Washington two hundred years two centuries seven hour
"two centuries" Discussed on C-SPAN Radio

C-SPAN Radio

01:46 min | 2 years ago

"two centuries" Discussed on C-SPAN Radio

"Over two centuries we have we have exercise we thing cut constitutional powers and responsibilities and that's part of what we celebrate two nights of let let us always remember that it is it is our responsibility to debate and to legislate get results for the American people and the house we call ourselves the people's house and we take that responsibility very seriously so now under cleo's gays and inspired by our proud history move forward the purpose to do the people's work in advance progress for all Americans for you are to all of you madam president Mister chairman we thank you thank you to the US capitol Historical Society of four keeping the flame going I see that and then joined now by my colleague congressman Debbie Dingell welcomed at the time that the women come I'll have a an interesting program tonight and be inspired by the arts by doctor Freeman thank you for allowing me the moment to share some thoughts with you and I can thank you for your on going support of this magnificent institution thank you so much thank you speaker Pelosi we know the.

cleo chairman capitol Historical Society Debbie Dingell doctor Freeman Pelosi president US congressman two centuries
"two centuries" Discussed on WIBC 93.1FM

WIBC 93.1FM

01:33 min | 2 years ago

"two centuries" Discussed on WIBC 93.1FM

"It's been part of our fishing for more than two centuries. And I don't know we should abandon it now, the witnesses if they would they would choose to use the phrase, USA chairman, Mr. Nadler, if any witness objects should not be asked to identify himself. We do not have religious tests for office or anything else. And we should let it go with that. Wow. It's not a religious test. I and people wonder why we are in a world hurt like days. Now, this is just I think congratulations, Democrats. Congratulations on that. That is just unreal. Yeah. One eight abroad, wreck is a complete bats. And we have to talk about her. When we come back, you guys, stay tuned. So how are your power bills way better now than two AC units replace last year by fasttrack? They did a once over on our heating to make sure that everything's running smoothly to I was pretty cranky. When I had to replace those units, but the guys that fasttrack they made everything tolerable. There's some nice of friendly. So hard working best guys in the biz, as you know, no fasttrack is helped me out in so many home plumbing and heating, and AC, binds, I cannot even count now fast. Track is the only company we trust and work with for all of our HVAC needs their salt of the earth, folks who will tell it like it is. And always give it to you straight. They've been so good over the years. Yep. And that's why they're ready today with the BBB. They've got Nate certified tax all know their stuff they vet and senior discounts. And I swear I was talking to Mike ball the owner this past weekend. And I said that all major HVAC emergencies happen on weekends,.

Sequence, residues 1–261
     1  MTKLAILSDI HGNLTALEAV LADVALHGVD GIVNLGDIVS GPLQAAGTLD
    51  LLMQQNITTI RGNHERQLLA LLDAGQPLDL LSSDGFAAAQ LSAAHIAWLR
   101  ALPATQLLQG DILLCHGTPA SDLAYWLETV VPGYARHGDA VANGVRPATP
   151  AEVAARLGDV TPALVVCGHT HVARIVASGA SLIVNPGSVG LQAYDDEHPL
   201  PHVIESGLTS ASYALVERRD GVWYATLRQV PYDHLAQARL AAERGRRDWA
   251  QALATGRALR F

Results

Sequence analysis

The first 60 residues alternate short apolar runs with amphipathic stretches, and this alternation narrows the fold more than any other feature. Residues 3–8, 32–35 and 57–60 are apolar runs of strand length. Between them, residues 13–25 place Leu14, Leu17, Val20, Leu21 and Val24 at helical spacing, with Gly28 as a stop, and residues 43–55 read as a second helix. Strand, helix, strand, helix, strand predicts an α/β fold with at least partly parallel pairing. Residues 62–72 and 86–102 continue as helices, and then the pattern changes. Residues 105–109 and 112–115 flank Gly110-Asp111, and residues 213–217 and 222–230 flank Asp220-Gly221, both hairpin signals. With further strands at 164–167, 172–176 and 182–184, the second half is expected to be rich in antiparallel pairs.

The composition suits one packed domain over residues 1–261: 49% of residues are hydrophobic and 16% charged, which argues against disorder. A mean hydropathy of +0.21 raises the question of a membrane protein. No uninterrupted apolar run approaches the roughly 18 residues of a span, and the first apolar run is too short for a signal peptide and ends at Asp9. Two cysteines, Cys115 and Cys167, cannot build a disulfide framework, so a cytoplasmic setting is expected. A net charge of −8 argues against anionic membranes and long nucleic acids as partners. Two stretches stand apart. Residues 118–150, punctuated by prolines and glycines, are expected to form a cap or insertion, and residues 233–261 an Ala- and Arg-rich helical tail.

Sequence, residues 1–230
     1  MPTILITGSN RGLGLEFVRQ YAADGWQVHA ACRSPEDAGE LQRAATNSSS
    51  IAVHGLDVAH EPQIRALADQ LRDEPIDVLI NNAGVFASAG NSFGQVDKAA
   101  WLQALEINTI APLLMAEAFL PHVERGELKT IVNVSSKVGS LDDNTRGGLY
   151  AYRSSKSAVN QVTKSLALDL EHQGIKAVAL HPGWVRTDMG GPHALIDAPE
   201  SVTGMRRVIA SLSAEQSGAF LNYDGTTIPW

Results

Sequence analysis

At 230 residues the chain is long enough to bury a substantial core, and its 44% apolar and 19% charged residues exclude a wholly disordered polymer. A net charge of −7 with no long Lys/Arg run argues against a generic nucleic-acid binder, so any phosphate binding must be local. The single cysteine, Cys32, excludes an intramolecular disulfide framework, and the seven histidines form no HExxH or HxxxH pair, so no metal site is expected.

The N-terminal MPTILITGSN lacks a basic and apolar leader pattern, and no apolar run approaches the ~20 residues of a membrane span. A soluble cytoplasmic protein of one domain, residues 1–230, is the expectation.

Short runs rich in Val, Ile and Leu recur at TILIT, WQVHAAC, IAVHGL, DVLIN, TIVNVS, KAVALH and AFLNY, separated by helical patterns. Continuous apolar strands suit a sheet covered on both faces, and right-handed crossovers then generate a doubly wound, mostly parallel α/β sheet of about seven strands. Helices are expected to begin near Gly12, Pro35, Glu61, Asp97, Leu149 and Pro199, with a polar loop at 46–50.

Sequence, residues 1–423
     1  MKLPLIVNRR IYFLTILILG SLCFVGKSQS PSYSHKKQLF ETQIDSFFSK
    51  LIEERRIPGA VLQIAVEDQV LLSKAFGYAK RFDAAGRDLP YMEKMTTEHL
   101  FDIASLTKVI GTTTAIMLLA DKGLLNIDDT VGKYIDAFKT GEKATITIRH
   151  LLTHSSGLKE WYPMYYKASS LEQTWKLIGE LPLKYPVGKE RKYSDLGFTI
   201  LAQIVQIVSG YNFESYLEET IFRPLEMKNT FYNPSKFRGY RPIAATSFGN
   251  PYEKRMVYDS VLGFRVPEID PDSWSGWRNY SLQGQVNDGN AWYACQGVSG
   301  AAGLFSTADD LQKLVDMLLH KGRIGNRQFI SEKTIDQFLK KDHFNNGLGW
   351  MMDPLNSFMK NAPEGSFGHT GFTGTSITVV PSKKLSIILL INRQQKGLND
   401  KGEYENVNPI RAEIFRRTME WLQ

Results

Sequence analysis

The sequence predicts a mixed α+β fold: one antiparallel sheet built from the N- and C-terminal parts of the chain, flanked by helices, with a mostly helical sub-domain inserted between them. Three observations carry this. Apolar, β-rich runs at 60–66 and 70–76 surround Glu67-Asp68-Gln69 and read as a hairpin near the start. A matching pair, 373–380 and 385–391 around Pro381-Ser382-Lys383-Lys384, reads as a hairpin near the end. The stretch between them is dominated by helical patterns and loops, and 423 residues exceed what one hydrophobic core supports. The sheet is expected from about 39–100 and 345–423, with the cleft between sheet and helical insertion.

fasttrack Mr. Nadler Mike ball chairman BBB USA Nate two centuries
"two centuries" Discussed on Atheist Nomads

Atheist Nomads

01:44 min | 3 years ago

"two centuries" Discussed on Atheist Nomads

"This was a Jewish sect to start in the second century BC and continued in the first century CE that when they were destroyed by the Romans. That's when they basically vanished in the bible stories, John the Baptist is the description of an Assine. He was a took a vow poverty baptism for a scenes was a daily occurrence. They were ascetic they would wear painful clothing, they would beat themselves. They would fast routinely, and they also had a. Priestly class that was celebrate. There's a number of things with that, you know, baptism asceticism, poverty and priestly celibacy that Christianity. Also has at least in some of its forms and the scenes were a really fascinating group. They had one of the most successful revolts against the Romans. I've been to one of their cities, and you can still see the ramp the Romans were building. Oh, well, it is still there. They took all of the rocks. They could find and they would dig up rocks. If they needed to and they would just bring rocks and pile up rocks until you have a giant ramp where you can just drive right up over the wall and destroy the city interesting. It really was really cool to see they got a bout a quarter of the Wade finished with the ramp when the people in the city were so hungry that they gave up. Because you know, the whole concept of a siege is starved them out..

Wade
"two centuries" Discussed on Gaslit Nation with Andrea Chalupa and Sarah Kendzior

Gaslit Nation with Andrea Chalupa and Sarah Kendzior

04:34 min | 3 years ago

"two centuries" Discussed on Gaslit Nation with Andrea Chalupa and Sarah Kendzior